A primary school that was forced to become an academy in 2012 was rated “good” by inspectors in its first full inspection.
Harris Primary Academy Philip Lane, formerly Downhills Primary, won praise from Ofsted earlier this month.
The school became the focus of a national debate over the Government’s education policy after it was converted to academy status in 2012 despite resistance from its governors, who were all sacked and replaced.
Inspectors said that since then the pupils’ progress has “improved rapidly” and that most teaching was good.
Leadership, management and governance came in for particular praise, with “very high expectations” resulting in rising standards and a “supportive” parent body.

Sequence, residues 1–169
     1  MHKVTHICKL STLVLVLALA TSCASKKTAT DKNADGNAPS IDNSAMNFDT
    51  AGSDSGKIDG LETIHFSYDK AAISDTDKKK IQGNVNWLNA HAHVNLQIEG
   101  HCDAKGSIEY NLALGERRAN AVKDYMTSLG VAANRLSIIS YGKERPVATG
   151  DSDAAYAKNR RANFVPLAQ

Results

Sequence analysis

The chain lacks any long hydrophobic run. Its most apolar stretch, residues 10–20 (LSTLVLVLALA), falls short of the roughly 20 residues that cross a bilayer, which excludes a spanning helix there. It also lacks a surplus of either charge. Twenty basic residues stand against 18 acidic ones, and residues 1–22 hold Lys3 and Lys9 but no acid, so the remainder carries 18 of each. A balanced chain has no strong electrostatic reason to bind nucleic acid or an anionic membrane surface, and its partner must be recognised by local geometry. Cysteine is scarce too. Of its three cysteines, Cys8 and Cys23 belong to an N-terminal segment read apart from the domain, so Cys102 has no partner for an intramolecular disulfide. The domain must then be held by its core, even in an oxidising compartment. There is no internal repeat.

However, Julie Davies, secretary of Haringey NUT teachers’ union, said that the recent report was a tribute to the school’s past teachers and governors, as well as its current ones.
Ms Davies, a vocal critic of the education secretary Michael Gove’s academy policy, added: “Downhills was already on a trajectory of improvement when it became a political football.”